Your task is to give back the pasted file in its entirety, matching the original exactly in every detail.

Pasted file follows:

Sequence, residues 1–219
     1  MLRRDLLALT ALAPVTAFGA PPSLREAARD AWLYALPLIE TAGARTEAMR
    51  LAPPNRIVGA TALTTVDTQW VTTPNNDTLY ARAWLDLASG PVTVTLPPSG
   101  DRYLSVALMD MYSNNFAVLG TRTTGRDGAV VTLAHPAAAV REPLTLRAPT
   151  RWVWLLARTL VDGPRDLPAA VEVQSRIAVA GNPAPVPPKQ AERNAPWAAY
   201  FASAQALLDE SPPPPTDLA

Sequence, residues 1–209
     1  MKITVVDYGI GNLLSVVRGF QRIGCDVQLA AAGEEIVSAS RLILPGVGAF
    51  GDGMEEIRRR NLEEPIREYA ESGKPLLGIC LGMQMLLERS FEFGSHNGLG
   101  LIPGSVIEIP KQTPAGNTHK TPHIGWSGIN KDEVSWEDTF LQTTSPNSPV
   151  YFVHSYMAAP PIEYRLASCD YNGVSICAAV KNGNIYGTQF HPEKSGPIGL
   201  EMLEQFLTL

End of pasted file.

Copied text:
Sequence, residues 1–219
     1  MLRRDLLALT ALAPVTAFGA PPSLREAARD AWLYALPLIE TAGARTEAMR
    51  LAPPNRIVGA TALTTVDTQW VTTPNNDTLY ARAWLDLASG PVTVTLPPSG
   101  DRYLSVALMD MYSNNFAVLG TRTTGRDGAV VTLAHPAAAV REPLTLRAPT
   151  RWVWLLARTL VDGPRDLPAA VEVQSRIAVA GNPAPVPPKQ AERNAPWAAY
   201  FASAQALLDE SPPPPTDLA

Sequence, residues 1–209
     1  MKITVVDYGI GNLLSVVRGF QRIGCDVQLA AAGEEIVSAS RLILPGVGAF
    51  GDGMEEIRRR NLEEPIREYA ESGKPLLGIC LGMQMLLERS FEFGSHNGLG
   101  LIPGSVIEIP KQTPAGNTHK TPHIGWSGIN KDEVSWEDTF LQTTSPNSPV
   151  YFVHSYMAAP PIEYRLASCD YNGVSICAAV KNGNIYGTQF HPEKSGPIGL
   201  EMLEQFLTL